Lakshmi Sreedhar makes such wonderful designer fondant cakes that customers are reluctant to cut it, let alone eat it
Photos by Ratheesh Sundaram
By Shevlin Sebastian
On a cloudy day in March, 2015, Lakshmi Sreedhar sat, along with her husband and two assistants, in a tempo, her heart beating at express speed. Beside her, covered in plastic and tarpaulin, was her largest creation: a 5' 8” cake. The driver, as instructed, drove the vehicle at the speed of a tortoise. The distance to the hotel from her production unit was eight kilometres. The road was full of potholes, dust, gravel, and, not to forget, speeding cars, buses and lorries.
Thankfully, they made it without a mishap. The cake was in the form of an off-the-shoulder wedding gown. The order was given by a Muscat-based couple for the wedding of their daughter Bhavana Ashok.
From the head till the hip, there were two layers each of chocolate, orange, strawberry and pista. From the hip downwards, there was only icing.
Expectedly, the guests looked dazed. And, more so, the bride. “As soon as I saw the cake, while I was walking down the aisle, I told my mom, 'It's mind-blowing!',” says Bhavana. “Questions ran through my mind: 'Is it possible for someone to create a cake this big and beautiful?'”
But it was not easy to make. Through Whatsapp, the parents sent the photos of their daughter's wedding dress to Lakshmi. She needed the help of two assistants, and her brother, Ram Mohan, but even then it took around 75 hours.
In the end, Bhavana cut a piece from the shoulder and ate it. “It was yummy,” she says.
However, not every order is smooth sailing. Once, Lakshmi was transporting a three-tier 50th anniversary cake from Kochi to Palakkad, a distance of 145 kms in a car. On the highway, her husband, Sreedhar, had to apply the brakes suddenly.
As a result, the top tier just toppled over. “I got a shock,” says Lakshmi. However, she managed to set things right in such a way that nobody, except the customer, noticed anything amiss.
Lakshmi’s speciality is fondant designer cakes. “A designer cake should look good, taste well, and match the desires of the customers,” she says. Most of the parents of children usually opt for Disney figures like Donald Duck and Mickey Mouse. “Recently, parents have started asking for characters from [Hollywood hit animation films] 'Minions' and 'Frozen',” says Lakshmi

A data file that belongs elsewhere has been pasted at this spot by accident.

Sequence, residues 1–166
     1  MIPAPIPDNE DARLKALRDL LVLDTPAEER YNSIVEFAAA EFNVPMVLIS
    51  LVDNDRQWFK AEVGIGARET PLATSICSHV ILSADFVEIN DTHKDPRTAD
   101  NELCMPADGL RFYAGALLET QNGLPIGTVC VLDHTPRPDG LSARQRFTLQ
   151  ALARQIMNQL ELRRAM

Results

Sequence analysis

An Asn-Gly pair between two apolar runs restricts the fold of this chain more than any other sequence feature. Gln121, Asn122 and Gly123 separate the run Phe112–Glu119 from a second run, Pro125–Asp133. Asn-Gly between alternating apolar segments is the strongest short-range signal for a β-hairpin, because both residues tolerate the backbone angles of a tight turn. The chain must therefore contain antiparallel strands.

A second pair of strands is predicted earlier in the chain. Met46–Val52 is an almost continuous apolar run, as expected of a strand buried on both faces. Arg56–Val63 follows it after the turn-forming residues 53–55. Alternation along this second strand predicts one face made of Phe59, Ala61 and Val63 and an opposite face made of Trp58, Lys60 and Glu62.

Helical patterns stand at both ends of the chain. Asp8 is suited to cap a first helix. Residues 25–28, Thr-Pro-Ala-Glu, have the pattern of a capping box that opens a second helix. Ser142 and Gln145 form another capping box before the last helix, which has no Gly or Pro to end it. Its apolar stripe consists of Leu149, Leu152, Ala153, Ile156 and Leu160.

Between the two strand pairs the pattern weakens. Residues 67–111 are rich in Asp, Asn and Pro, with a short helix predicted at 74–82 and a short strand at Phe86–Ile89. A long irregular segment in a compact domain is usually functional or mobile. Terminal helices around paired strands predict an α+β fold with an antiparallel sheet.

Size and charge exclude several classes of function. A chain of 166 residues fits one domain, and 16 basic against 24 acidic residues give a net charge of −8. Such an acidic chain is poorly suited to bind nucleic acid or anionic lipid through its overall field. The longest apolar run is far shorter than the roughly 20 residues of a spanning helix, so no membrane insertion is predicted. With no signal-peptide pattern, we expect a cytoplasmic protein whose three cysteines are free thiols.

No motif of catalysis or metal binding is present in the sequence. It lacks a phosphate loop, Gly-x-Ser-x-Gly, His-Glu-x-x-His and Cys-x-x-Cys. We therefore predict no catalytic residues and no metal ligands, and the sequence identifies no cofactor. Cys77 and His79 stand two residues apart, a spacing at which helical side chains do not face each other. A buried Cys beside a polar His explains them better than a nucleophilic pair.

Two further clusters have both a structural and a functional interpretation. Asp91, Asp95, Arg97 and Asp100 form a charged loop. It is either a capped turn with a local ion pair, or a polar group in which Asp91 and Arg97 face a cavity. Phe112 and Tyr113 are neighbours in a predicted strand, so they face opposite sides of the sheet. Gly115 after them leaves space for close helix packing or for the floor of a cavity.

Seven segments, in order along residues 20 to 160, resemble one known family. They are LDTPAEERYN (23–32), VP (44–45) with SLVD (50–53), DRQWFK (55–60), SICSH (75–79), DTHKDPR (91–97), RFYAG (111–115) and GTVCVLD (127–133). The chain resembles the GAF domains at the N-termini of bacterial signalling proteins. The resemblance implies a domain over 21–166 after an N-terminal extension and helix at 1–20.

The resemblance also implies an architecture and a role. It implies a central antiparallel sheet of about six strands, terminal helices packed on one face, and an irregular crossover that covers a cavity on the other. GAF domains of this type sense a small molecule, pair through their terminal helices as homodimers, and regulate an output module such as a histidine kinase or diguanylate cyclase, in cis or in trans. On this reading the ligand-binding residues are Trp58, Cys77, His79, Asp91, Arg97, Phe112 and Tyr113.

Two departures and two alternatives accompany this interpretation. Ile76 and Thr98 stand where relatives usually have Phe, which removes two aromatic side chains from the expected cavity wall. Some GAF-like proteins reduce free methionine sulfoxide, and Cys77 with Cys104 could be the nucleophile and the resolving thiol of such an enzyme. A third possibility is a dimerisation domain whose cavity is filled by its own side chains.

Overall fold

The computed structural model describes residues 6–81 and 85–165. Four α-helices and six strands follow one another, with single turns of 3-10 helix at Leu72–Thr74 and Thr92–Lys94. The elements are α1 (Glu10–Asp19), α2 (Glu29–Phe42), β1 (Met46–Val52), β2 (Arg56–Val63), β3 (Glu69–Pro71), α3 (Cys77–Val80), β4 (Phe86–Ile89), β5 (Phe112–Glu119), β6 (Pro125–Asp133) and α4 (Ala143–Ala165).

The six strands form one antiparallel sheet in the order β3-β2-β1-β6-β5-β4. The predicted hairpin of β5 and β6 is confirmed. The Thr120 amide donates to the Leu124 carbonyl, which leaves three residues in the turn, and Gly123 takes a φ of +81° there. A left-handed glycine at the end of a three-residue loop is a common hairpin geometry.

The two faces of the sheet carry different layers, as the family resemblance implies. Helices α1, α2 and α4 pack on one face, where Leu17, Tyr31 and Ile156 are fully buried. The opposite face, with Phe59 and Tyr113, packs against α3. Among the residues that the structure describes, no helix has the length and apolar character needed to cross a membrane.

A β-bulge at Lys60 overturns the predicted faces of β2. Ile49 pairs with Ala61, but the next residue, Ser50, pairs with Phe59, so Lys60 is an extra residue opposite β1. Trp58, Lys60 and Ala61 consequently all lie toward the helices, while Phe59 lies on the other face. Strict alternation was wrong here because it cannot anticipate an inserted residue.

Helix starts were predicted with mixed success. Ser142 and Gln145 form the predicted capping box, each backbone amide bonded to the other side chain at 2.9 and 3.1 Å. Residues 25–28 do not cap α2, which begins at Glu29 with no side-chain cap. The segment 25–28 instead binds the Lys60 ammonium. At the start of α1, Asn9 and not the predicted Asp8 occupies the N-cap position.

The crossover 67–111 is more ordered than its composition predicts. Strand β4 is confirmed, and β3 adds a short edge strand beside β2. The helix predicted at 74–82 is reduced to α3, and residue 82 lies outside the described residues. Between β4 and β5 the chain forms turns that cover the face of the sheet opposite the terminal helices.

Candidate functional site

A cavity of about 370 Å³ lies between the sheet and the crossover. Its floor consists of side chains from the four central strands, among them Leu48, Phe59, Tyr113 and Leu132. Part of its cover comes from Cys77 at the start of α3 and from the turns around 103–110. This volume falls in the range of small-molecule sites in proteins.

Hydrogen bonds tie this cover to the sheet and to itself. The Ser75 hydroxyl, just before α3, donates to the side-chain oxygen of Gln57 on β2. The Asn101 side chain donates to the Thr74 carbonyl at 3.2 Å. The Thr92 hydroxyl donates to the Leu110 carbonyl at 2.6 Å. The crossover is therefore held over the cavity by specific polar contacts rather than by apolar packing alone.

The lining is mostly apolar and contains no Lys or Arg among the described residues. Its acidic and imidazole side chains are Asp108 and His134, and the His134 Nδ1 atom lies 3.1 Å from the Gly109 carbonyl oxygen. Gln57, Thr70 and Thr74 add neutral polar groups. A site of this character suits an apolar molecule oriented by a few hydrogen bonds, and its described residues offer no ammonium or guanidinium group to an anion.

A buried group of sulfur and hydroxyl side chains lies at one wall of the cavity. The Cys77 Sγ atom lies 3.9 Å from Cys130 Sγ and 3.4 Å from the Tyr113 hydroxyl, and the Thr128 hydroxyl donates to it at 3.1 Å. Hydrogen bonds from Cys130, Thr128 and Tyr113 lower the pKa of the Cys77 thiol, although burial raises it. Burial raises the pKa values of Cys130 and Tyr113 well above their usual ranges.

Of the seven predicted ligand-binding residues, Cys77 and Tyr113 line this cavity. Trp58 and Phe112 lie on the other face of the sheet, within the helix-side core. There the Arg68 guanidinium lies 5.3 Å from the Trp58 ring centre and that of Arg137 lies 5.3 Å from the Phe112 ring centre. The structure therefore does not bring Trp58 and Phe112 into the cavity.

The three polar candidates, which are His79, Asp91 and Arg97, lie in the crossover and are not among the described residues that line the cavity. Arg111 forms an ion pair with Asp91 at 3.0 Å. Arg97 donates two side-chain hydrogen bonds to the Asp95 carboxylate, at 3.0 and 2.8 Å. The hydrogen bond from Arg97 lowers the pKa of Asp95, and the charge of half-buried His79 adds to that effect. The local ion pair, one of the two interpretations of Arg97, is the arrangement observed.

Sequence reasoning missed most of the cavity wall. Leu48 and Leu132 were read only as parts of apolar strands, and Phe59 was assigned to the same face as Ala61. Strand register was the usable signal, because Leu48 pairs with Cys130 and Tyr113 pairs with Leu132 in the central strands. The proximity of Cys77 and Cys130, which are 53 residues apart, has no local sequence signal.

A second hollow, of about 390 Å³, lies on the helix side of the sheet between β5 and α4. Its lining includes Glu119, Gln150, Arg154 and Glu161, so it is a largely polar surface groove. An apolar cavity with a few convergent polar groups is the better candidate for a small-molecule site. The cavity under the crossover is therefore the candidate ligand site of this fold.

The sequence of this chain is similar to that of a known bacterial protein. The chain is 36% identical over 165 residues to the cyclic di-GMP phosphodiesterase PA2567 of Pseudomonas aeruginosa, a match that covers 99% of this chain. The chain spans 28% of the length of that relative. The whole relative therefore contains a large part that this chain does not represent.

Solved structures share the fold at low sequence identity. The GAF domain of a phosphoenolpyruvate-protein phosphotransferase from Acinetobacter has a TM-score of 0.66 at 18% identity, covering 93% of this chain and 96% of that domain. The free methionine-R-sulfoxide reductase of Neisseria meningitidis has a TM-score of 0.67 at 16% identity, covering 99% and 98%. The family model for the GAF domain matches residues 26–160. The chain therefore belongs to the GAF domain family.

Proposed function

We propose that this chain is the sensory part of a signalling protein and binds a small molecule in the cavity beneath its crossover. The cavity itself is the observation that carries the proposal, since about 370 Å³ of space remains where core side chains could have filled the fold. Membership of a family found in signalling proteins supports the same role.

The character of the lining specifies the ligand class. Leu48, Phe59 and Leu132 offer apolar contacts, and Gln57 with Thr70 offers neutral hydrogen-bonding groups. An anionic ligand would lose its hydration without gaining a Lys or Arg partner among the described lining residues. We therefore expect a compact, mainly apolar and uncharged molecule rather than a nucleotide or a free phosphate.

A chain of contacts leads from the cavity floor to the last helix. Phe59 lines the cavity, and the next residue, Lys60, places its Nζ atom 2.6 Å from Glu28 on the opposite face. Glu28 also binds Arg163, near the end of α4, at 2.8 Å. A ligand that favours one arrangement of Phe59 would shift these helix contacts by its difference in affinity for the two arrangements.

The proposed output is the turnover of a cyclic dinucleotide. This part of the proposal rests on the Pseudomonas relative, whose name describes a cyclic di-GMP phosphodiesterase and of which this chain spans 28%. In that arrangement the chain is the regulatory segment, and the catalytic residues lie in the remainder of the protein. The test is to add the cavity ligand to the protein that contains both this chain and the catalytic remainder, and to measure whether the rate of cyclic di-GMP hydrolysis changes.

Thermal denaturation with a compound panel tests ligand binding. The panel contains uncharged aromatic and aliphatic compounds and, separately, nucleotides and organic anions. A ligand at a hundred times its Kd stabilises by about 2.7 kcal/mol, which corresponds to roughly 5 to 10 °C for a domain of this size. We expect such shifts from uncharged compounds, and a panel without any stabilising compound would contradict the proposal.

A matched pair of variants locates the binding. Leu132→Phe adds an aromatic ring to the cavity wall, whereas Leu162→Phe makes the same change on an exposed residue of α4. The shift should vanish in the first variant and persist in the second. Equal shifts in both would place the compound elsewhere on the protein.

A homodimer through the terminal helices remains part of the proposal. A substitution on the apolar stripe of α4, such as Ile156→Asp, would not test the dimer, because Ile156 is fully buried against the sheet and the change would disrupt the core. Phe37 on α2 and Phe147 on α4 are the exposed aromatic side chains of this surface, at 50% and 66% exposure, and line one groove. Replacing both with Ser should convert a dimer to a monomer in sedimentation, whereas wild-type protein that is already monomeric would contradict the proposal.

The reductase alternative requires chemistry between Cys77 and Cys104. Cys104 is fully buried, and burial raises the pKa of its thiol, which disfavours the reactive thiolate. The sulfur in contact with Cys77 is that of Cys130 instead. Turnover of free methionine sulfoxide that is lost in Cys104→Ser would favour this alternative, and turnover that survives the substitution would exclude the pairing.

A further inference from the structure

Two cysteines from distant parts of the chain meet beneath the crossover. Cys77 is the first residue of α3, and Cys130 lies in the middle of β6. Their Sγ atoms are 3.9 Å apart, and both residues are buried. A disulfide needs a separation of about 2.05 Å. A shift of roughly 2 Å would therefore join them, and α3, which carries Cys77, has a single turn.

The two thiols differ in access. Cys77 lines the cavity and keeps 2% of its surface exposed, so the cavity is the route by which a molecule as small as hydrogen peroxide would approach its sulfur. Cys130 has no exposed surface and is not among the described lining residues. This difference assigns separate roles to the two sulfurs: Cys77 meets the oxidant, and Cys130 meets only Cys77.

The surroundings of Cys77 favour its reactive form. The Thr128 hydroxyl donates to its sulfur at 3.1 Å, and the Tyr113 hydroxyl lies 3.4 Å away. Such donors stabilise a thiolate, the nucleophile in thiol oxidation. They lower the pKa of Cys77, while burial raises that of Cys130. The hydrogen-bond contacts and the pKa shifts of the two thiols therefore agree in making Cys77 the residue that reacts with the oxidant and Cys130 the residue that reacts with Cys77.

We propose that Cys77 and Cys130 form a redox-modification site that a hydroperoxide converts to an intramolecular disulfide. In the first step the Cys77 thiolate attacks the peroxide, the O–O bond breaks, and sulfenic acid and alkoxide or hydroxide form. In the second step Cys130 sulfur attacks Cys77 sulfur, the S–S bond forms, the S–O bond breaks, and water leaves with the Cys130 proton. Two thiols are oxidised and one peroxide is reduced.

She has celebrity customers, too. One of them is Mollywood star Jayasurya.
For the promotion of a film called 'Aadu' (Goat), he ordered a cake, which Lakshmi made in the shape of a goat. Says Saritha, Jayasurya’s wife: “It was a 3D cake, flavoured with butterscotch and loaded with crunchy praline. It was so realistic that we did not want to cut it (this happens every time Lakshmi bakes a cake for us). The entire crew was so excited on seeing the cake. And the taste turned out to be delicious. I must say Lakshmi has blessed hands.”
Asked whether she feels sad when a cake is cut, after so much of work, Lakshmi says, “What compensates is the joy in the eyes of the people who eat it.” Her cakes range in price from Rs 4500 to Rs 1 lakh.
Lakshmi puts a lot of emphasis on quality. “I use the best ingredients,” she says. For colours, she imports it from abroad. Her favourites are Americolours and Kopy Kake.
“The problem with Indian edible colours is that there are all types of chemicals in it,” says Lakshmi. “And even if we use a detergent to wash our hands, it will not go off. However, for foreign colours, all you have to do is to wash your hands.”
Undoubtedly, Lakshmi is in the grip of a passion. Her life changed, when, one day, she went looking for a cake for her son Arjun's first birthday. But she could not find any good ones. That was when she decided to make one on her own. And never stopped. In December, 2014, with the support of her husband, and family members, she set up a shop called 'Bakers Walk' in Kochi.
And today, Lakshmi is revelling in the creative work that she does. “It is far more enjoyable than working in a bank, which I did for a few years,” she says.
(Sunday Magazine, The New Indian Express, South India and Delhi)